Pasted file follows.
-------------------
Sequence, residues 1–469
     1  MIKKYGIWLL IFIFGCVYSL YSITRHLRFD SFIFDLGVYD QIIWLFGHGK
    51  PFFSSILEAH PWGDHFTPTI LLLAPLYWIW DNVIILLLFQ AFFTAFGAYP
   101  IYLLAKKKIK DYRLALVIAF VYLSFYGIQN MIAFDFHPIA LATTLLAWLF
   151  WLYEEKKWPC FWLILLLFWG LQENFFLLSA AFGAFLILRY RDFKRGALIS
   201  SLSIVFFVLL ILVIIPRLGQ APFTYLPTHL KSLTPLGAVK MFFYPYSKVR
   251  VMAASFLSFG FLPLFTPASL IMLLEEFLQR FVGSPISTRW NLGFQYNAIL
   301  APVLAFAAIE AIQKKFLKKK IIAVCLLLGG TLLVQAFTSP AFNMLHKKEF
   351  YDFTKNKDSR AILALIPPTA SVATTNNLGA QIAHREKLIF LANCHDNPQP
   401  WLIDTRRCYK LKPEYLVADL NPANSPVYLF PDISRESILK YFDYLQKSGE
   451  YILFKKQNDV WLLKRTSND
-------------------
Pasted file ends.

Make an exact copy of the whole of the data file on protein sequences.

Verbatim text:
Sequence, residues 1–469
     1  MIKKYGIWLL IFIFGCVYSL YSITRHLRFD SFIFDLGVYD QIIWLFGHGK
    51  PFFSSILEAH PWGDHFTPTI LLLAPLYWIW DNVIILLLFQ AFFTAFGAYP
   101  IYLLAKKKIK DYRLALVIAF VYLSFYGIQN MIAFDFHPIA LATTLLAWLF
   151  WLYEEKKWPC FWLILLLFWG LQENFFLLSA AFGAFLILRY RDFKRGALIS
   201  SLSIVFFVLL ILVIIPRLGQ APFTYLPTHL KSLTPLGAVK MFFYPYSKVR
   251  VMAASFLSFG FLPLFTPASL IMLLEEFLQR FVGSPISTRW NLGFQYNAIL
   301  APVLAFAAIE AIQKKFLKKK IIAVCLLLGG TLLVQAFTSP AFNMLHKKEF
   351  YDFTKNKDSR AILALIPPTA SVATTNNLGA QIAHREKLIF LANCHDNPQP
   401  WLIDTRRCYK LKPEYLVADL NPANSPVYLF PDISRESILK YFDYLQKSGE
   451  YILFKKQNDV WLLKRTSND